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Eugene Dowgiert v. Robert Hagopian et al.

February 28, 2013

EUGENE DOWGIERT
v.
ROBERT HAGOPIAN ET AL.



The opinion of the court was delivered by: Joseph N. Laplante United States District Judge

PROCEDURAL ORDER

Eugene Dowgiert commenced this action in Rockingham County Superior Court in July 2011, bringing state-law claims of negligence and strict products liability arising out of burns he suffered when a gas grill allegedly caught fire. As defendants, Dowgiert has named:

* Several corporations that allegedly manufactured the grill, Dynamic Cooking Systems, Inc., Fisher & Paykel Appliances, Inc., Fisher & Paykel Appliances, and USA Holdings, Inc. (collectively, the "DCS defendants");

* Two corporations that allegedly manufactured the regulator on the grill, Grand Hall USA, Inc. and Grand Hall Enterprises Co., Ltd. (collectively, the "Grand Hall defendants"); and

* Above Service Company and its principal, Robert Hagopian, who allegedly serviced the grill at some point prior to the fire.

The DCS defendants removed the action to this court, invoking its diversity jurisdiction. See 28 U.S.C. § 1332(a)(1). According to the notice of removal, Dowgiert is a citizen of New Hampshire, Hagopian is a citizen of North Carolina, and the DCS defendants and the Grand Hall defendants are all foreign corporations with their principal places of business outside of New Hampshire. The notice also states that Above Service Company "was a New Hampshire corporation that was administratively dissolved by the Secretary of State on September 1, 2006."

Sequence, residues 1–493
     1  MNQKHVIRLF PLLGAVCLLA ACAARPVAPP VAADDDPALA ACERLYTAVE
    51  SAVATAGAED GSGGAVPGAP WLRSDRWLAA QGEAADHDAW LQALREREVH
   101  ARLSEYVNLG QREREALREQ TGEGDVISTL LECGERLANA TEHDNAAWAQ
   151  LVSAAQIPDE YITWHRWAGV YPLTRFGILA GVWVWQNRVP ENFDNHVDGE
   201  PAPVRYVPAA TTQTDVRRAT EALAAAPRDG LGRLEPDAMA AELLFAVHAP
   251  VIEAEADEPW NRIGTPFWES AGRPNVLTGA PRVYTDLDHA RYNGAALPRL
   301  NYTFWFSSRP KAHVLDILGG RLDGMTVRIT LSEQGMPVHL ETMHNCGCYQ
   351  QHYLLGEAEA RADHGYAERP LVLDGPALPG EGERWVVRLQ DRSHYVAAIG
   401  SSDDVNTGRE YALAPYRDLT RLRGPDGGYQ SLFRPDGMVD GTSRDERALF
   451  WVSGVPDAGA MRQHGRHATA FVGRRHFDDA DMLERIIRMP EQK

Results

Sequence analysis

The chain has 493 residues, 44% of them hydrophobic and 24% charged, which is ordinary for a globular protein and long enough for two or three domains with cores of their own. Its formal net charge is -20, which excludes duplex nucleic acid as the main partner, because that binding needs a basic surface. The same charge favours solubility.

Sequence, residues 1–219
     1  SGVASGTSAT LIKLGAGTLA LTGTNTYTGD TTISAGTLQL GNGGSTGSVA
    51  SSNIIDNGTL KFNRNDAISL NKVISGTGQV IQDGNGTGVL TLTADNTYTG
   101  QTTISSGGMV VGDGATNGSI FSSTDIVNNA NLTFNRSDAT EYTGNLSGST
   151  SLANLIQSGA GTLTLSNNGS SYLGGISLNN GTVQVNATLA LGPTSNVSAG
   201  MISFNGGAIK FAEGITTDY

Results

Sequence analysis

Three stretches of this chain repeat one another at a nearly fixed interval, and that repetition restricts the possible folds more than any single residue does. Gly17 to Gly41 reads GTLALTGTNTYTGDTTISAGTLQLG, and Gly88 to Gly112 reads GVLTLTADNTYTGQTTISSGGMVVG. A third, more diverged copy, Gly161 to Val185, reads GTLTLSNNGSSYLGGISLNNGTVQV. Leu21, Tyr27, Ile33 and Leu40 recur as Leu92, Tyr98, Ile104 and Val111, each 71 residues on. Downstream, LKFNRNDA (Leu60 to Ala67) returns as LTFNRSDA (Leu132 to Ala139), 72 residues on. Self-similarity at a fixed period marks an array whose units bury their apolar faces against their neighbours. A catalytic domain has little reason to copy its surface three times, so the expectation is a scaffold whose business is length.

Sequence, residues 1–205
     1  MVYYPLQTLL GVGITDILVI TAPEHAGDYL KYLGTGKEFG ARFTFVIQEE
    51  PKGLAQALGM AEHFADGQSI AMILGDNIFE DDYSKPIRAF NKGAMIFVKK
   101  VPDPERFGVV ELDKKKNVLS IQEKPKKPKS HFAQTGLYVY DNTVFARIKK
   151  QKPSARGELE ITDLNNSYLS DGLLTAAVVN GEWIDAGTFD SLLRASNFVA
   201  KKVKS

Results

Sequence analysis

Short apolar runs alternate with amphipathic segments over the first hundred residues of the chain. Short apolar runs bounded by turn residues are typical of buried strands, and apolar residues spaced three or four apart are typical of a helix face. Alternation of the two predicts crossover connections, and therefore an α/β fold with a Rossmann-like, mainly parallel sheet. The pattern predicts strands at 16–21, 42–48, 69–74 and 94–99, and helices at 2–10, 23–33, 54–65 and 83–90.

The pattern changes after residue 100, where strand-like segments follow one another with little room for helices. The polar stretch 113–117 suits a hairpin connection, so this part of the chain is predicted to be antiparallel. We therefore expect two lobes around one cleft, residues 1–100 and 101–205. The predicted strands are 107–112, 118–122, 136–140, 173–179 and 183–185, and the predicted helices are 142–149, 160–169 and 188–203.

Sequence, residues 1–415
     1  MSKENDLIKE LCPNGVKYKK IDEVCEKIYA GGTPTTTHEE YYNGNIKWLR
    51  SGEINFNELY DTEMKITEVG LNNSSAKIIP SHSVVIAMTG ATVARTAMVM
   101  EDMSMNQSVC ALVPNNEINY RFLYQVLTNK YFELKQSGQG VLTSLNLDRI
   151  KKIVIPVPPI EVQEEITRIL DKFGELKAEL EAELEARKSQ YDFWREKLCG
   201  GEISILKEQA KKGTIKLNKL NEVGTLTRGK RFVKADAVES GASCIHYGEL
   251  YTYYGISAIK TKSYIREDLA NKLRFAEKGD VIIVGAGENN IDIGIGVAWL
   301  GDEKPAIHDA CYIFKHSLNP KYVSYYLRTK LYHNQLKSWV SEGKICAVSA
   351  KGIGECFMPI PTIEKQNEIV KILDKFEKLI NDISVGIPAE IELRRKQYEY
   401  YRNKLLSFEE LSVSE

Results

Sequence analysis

The notice of removal does not explain, however, the significance of Above Service's dissolution to the existence of diversity jurisdiction here. While the case law on this point is not uniform, and neither the Court of Appeals nor this court has previously addressed the question, there is a general consensus that "state law governs the extent, nature, and period of liability for dissolved corporations, and hence whether they are deemed to exist for diversity jurisdiction purposes." 13F Charles Alan Wright et al., Federal Practice & Procedure § 3623, at 32 (3d ed. 2009) (citing Ripalda v. Am. Operations Corp., 977 F.2d 1464 (D.C. Cir. 1992)). Under New Hampshire law, "[a] corporation administratively dissolved continues its corporate existence," albeit with limitations on its activities. N.H. Rev. Stat. Ann. § 293-A:14.21(b); see also Embassy Software Corp. v. eCopy, Inc., 592 F. Supp. 2d 225, 230 (D.N.H. 2009).

If this view of the law is correct, then there is no diversity jurisdiction here, because Above Service still exists under New Hampshire law, meaning its citizenship counts--and its citizenship is the same as that of the plaintiff. Accordingly, the DCS defendants (who, having removed the case to this court, bear the burden of showing its jurisdiction, see, e.g., Pruell v. Caritas Christi, 645 F.3d 81, 84 (1st Cir. 2011)), shall show cause on or before March 11, 2013, why this case should not be remanded to Rockingham County Superior Court for lack of subject-matter jurisdiction. The showing shall take the form of a filing not to exceed 10 pages. Dowgiert and the other parties may, but need not, file a response, also not to exceed 10 pages, by March 18, 2013.

SO ORDERED.

cc:

20130228

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